Orpheus Electric Salon returns with a flash-sequence of events in June – weekly sessions to show, learn, develop and play sound-work. Nicolas Collins hosts a series of guests addressing topics important to everyone working with sound. Calling musicians (electronic and steam), sound-artists, multi-media artists, performers, composers, hackers, instrument builders – these salons cover a range of ideas relevant to us all, whether established practitioner, curious musician or absolute beginner. Each week there will be hacking workshop, a chance to share your work, a hands-on introduction from expert artists to crucial elements of contemporary sound-work – and perhaps a chance to play together.
Thursdays 17.00 – 21.00 through June. Registration is free, but required.
Following several meetings with Paulo de Assis (Research Fellow at the Orpheus Institute) David Savat accepted the invitation to take up a position as visiting researcher at the Orpheus Institute. He will be working from 17 May until 14 June and from 13 to 24 November with Paulo de Assis (MusicExperiment21 research cluster), as they share an interest in the work of Gilles Deleuze. Dr Savat will also work closely with Jonathan Impett in the Music, Thought and Technology (MTT) research cluster. David Savat is a lecturer and former discipline chair of Communication Studies at the University of Western Australia in Perth (Australia), executive editor of the journal Deleuze Studies journal, published by Edinburgh University Press, as well as series editor of Bloomsbury’s Schizoanalytic Applications series.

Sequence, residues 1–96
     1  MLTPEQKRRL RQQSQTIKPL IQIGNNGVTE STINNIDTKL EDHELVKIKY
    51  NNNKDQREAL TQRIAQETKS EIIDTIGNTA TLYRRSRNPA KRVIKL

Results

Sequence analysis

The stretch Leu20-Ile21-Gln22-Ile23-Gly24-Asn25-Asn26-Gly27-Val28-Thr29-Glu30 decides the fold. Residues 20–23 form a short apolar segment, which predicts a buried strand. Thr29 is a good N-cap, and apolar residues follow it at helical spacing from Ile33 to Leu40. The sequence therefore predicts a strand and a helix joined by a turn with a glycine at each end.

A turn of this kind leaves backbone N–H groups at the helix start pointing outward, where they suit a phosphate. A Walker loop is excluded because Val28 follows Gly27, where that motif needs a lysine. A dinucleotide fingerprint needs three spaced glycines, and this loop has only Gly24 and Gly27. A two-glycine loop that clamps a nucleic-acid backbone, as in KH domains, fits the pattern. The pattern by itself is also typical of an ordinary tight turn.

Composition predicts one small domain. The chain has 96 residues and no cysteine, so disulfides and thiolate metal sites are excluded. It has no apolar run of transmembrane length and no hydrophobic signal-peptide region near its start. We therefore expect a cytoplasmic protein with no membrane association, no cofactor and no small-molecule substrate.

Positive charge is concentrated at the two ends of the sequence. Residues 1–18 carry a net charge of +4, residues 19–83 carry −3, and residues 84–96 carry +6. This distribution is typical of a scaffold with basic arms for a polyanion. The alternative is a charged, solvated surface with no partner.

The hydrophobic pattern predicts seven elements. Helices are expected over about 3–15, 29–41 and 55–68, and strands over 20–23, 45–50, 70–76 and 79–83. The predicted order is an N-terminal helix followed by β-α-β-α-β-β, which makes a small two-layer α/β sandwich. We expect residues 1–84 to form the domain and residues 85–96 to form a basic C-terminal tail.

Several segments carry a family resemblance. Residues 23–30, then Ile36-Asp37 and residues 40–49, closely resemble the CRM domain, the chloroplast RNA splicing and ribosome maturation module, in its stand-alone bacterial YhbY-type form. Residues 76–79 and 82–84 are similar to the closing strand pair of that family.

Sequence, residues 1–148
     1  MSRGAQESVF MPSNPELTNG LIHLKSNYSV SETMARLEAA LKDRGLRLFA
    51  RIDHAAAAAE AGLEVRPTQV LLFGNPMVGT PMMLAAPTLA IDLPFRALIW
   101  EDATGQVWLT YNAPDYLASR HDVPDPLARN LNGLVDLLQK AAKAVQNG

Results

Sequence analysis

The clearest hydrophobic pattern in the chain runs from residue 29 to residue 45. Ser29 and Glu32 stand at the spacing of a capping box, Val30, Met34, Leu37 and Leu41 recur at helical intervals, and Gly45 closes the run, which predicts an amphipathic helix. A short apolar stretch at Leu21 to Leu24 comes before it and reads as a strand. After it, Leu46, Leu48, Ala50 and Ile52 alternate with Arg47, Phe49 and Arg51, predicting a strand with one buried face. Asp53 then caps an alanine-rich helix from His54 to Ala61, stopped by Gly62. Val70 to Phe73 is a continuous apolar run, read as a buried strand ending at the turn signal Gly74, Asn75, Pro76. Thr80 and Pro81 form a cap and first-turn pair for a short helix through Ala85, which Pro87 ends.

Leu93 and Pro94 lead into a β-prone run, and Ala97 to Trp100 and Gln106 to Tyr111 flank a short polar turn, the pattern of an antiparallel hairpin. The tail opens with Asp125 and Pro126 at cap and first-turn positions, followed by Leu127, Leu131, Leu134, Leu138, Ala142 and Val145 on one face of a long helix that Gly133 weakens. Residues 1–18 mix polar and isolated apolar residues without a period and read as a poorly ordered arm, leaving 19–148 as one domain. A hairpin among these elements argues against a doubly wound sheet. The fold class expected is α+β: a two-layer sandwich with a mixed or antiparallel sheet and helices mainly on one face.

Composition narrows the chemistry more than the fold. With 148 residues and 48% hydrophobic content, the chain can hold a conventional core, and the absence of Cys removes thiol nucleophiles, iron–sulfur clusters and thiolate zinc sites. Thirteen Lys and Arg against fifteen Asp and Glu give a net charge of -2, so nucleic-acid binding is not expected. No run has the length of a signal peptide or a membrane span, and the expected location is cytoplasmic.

10-12 May 2017
Intensely debated in the fields of visual arts, art theory, and philosophy, the notion of the contemporary describes different practices, relating to disparate conceptual horizons. However, if distinguished from the contemporaneous, the contemporary becomes a selective concept: it promotes or excludes things and practices according to their ability of diagnosing previously unnoticed aspects of the present. In this sense, it gains a critical function, involving particular modes of relating to history and to one’s own time.
Following Roland Barthes’ claim, who—inspired by Nietzsche, and quoted by Agamben—said that “the contemporary is the untimely”, the contemporary might suggest artistic practices that run against their own time and epoch, implying specific forms of resistance.
Beyond historicising frameworks, the 14th International Orpheus Academy for Music and Theory—Futures of the Contemporary—will explore and discuss new modes of thinking the contemporary in the arts, particularly focussing on music and music performance.
Lectures by Babette Babich (US), Chaya Czernowin (US/IL), Heiner Goebbels (DE), Claus-Steffen Mahnkopf (DE), Peter Osborne (UK), Michael Schwab (UK), and Paulo de Assis (BE/PT).